Should race-based college admission policies prioritize minority students from affluent families over those from low-income households?
That’s the question at the heart of a heated debate as the Supreme Court prepares to hear another round of arguments in the high-profile Fisher v. University of Texas affirmative action case next week.
The first time I heard a preschooler explaining a classmate’s disruptive behavior, I was surprised at how adult her four-year-old voice sounded.
Her classmate “doesn’t know how to sit still and listen,” she said to me, while I sat at the snack table with them. He couldn’t learn because he couldn’t follow directions, she explained, as if she had recently completed a behavioral assessment on him.
November 30, 2015Melissa Sanchez of Catalyst Chicago for EWA
One question that often comes up during state legislative sessions is whether it’s a waste of money to increase educational spending in large urban areas with high poverty and low student achievement.
“There’s a very pervasive view out there that money doesn’t have an effect on outcomes at all,” said Kirabo Jackson, an economist at Northwestern University, during a panel at the Education Writers Association’s October seminar on poverty and education.
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One of the most popular ideas in education today is also one that is often misunderstood. While Carol Dweck’s “growth mindset” has a emerged as a meme for motivation less than a decade after the publication of her book “Mindset: The New Psychology of Success,” the Stanford psychology professor is worried about its misapplication.
In Finland you’re not supposed to wonder — let alone ask out loud — if one school is better than another. That’s because all Finnish schools are designed to be equal.
We Finns are very proud of our equal education system. In fact, education is the one positive thing Finland is known for all around the world. Our results in global assessments of 15-year-olds have won us international attention a small nation rarely receives.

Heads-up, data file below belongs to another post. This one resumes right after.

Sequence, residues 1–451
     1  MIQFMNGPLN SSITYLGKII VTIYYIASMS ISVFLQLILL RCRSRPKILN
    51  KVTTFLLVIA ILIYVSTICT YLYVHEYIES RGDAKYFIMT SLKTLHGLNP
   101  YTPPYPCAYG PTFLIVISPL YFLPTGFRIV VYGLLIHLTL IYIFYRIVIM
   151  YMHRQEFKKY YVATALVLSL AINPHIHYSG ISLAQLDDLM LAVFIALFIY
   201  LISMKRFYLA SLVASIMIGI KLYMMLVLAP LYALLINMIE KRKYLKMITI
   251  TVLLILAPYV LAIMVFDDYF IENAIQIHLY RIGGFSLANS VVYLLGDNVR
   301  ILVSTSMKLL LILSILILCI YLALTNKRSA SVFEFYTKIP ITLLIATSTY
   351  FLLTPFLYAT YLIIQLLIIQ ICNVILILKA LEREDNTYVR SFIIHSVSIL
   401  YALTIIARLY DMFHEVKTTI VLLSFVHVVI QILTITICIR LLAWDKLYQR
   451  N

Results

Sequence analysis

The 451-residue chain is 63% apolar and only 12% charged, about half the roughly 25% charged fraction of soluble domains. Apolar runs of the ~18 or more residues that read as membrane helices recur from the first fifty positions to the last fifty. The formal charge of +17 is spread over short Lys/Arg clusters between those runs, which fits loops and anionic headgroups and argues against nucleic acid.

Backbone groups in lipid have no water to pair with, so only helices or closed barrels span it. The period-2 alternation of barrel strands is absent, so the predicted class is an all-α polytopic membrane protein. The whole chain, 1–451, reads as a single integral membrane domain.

About a third of the students who started college in 2009 have since dropped out, joining the millions of young adults who never entered college in the first place.
Several years into a massive push by both the federal government and states to increase postsecondary graduation rates, education policymakers across the country are asking what else they can do to get more students to and through college.
Thousands of the nation’s smaller school districts struggle to get even the most basic Internet services, making it difficult to take advantage of the wealth of classroom technology that’s giving students more options for how, what, and when they learn.
Latin Americans who migrate to the United States today are more likely to have achieved higher levels of education than their counterparts before them, according to recent studies examining the migration patterns of foreign-born Latinos.
In 2016, a wealth of new international testing data and analysis will be issued from two major assessments at the precollegiate level. The results for students in dozens of countries are sure to once again spark debate over U.S. standing on the global stage and the implications for schools.
As reporters, we often take it for granted when we visit a high-poverty school that it will be surrounded by a similarly struggling neighborhood. And we’re not alone, according to Paul Jargowsky, the director of the Center for Urban Research and Urban Education at Rutgers University. Even as the events in places like Ferguson, Missouri, have prompted important discussions about urban poverty, he says these talks are ignoring a more fundamental question: Why do we have these concentrations of low-income communities to start with?
Nearly 1 million students studied abroad in the United States last school year — among them more Latin American students than ever before, according to a new study by the Institute of International Education.
There was plenty of levity on Twitter in the wake of Republican presidential candidate Marco Rubio’s declaration that “we need more welders, less philosophers.”(This English major would have preferred he said “fewer” philosophers, by the way.)